Full-time administrators now outnumber full-time faculty. And when times get tough, schools have a disturbing tendency to shrink faculty numbers while keeping administrators on the payroll. Teaching gets done by low-paid, nontenured adjuncts, but nobody ever heard of an "adjunct administrator."

Replace "faculty" with "people actually working in a park" and administrators with "headquarters staff" and he has described the management of public parks exactly.  Most parks agencies are suffering from administrative bloat, with more people in headquarters than out in the field actually running parks.  When they have layoffs, it is always of field staff and not headquarters administrators.   In the parks world they will even ignore major maintenance needs in favor of making sure they have the funds to keep paying headquarters staff.

It is just absurd.  Of course, in my case, we make a business out of this.  We run public parks, and have 300 field employees actually in the parks and 2 in headquarters.  It allows us to cut costs while simultaneously doing a better job.

Obama's Demand for Wage Rules for Salaried Workers Will Have Far More Impact Than Proposed Minimum Wage Changes

The $10.10 minimum wage discussion has gotten a lot of attention.   But in 2011 only 3.8 million workers made at or below the minimum wage, and of these, at least half earn substantially more in reality through tips.

Obama's announcement yesterday that he wanted to substantially change the way salaried workers will likely have far more negative impacts on employment than his minimum wage proposals.

President Barack Obama is expected to order a rule change this week that would require employers to pay overtime to a larger number of salaried workers, two people familiar with the matter said.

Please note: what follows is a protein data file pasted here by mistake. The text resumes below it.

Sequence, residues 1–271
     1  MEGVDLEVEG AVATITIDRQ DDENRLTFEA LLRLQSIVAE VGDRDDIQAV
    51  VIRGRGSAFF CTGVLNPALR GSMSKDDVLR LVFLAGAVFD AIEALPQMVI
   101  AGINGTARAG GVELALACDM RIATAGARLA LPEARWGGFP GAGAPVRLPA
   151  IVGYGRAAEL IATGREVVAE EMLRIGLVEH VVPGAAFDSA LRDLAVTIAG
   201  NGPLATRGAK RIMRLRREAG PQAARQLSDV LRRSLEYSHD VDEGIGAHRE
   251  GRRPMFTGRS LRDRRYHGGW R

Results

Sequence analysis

Currently, many businesses aren't required to pay overtime to certain salaried workers if they earn more than $455 a week, a level that was set in 2004 and comes to roughly $24,000 a year. The White House is expected to direct the Labor Department to raise that salary threshold, though it is unclear by how much.

Ross Eisenbrey, vice president of the liberal Economic Policy Institute, and Jared Bernstein, a former White House economist, recently proposed the limit be increased to $984 a week, or roughly $50,000 a year.

"That would mean between five- and 10-million people could be affected, but they might choose a lower number," Mr. Eisenbrey said about the White House plans.

5-10 million is potentially 3x or more the people affected by a minimum wage change.  But in some sense, this still underestimates the impact.  Here is one example.  Last year the average starting salary of college graduates is about $45,000.  The median is likely lower.  This means that over half of all college graduates going into the work force will be taking hourly jobs that used to be salaried.   Teachers will be hourly.  Budget analysts will be hourly.  Etc.

So all these folks are saying - Yeah!  I get overtime!   Wrong.  They will be eligible for overtime.  But companies will quickly restructure their work processes to make sure no one works overtime.  And since their new hires are working just a straight 40 hours (with mandatory unpaid lunch break time in CA), they will likely pay less.   If I am paying $40,000 a year for someone who will work extra hours for me, I am not going to pay that amount to someone just punching a time clock.  And the whole psychological relationship is changed - a salaried person is someone on the management team.  A person punching a timeclock may not be treated the same way.